While Argentina is the world’s fourth-largest producer of lithium, it is also the fastest-growing in the sector – but for it to take the lead globally, its government needs to take a long and hard look at its current business climate to make sure it is appealing for potential investors as well as developers.
This prognosis was recently made by the local factor of Chinese mining firm Zijin Mining Group Company in light of the country’s national elections which are slated for October 22nd of this year.
According to Tomas de Pablos Souza, chief executive of Neo Lithium Corporation’s Argentinian subsidiary Liex SA, the growth of the lithium sector in neighboring nations like Bolivia and Chile has been severely hampered by government-imposed tax hikes as well as increasingly strict environmental regulations. However, what has been a bane to the neighbors has been a boon for Argentina as it opened the doors to greater opportunities in the field.
But for the sector to continue growing, the country’s next administration has to loosen up on economic interventionism. As de Pablos Souza puts it, the Argentine lithium sector stands on the threshold of a great opportunity to maximize its natural lithium reserves and propel itself into the lead or, at the very least, put it second only to mining titan Australia.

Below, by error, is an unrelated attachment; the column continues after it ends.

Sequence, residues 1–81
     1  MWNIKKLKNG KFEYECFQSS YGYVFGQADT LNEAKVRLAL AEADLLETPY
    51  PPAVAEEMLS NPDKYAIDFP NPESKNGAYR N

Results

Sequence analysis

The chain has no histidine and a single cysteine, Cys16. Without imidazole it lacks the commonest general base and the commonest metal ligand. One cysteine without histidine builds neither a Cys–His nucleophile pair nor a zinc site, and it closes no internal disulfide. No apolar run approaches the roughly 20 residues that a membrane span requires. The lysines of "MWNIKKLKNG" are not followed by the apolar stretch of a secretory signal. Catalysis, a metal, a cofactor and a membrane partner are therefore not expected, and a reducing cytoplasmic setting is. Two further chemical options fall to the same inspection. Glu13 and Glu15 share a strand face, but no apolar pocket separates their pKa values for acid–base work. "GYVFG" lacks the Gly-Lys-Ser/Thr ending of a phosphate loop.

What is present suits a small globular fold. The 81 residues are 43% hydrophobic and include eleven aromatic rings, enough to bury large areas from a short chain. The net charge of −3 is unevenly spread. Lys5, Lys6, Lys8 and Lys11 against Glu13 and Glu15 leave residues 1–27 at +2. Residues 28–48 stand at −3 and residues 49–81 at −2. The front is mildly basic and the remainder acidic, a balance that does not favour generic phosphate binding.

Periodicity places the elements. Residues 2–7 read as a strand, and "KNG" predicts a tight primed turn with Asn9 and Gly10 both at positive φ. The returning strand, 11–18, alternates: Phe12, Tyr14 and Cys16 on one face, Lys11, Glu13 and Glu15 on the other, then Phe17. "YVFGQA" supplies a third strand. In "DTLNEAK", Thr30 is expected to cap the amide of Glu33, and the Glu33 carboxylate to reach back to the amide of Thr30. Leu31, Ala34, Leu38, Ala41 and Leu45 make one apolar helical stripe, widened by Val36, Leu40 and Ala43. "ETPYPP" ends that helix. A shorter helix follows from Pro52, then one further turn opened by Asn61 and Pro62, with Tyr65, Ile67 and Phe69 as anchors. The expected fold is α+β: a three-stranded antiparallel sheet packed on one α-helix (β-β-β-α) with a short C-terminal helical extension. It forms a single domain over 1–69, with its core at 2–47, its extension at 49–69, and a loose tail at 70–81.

The country’s leading players in the lithium sector have lobbied the three candidates vying for the Presidency for clarifications regarding regulatory matters, the implementation of legal protection for companies in the sector, as well as congressional approval of the proposed electro-mobility legislation that is meant to pave the way for greater investments into the Argentine lithium industry.
As of press time, only opposition canditates Patricia Bullrich and Javier Milei have vowed to deregulate the economy if elected. The third, Sergio Massa, is running under the banner of the incumbent Peronist party, and has made no statements regarding the matter.